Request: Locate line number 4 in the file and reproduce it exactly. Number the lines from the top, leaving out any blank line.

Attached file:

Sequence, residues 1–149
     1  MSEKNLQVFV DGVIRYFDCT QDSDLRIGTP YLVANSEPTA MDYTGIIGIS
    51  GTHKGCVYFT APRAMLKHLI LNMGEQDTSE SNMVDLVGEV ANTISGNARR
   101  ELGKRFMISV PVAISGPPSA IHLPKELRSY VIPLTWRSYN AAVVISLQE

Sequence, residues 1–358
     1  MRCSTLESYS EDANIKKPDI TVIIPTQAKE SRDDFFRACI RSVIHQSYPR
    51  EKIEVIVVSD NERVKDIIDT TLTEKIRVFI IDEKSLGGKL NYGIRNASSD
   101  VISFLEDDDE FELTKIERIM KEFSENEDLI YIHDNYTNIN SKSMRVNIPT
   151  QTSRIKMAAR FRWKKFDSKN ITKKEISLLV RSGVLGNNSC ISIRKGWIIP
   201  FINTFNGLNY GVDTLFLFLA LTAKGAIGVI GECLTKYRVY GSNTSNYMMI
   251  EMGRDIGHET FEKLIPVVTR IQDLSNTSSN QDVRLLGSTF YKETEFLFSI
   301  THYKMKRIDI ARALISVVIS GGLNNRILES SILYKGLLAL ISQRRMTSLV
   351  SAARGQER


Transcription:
   101  ELGKRFMISV PVAISGPPSA IHLPKELRSY VIPLTWRSYN AAVVISLQE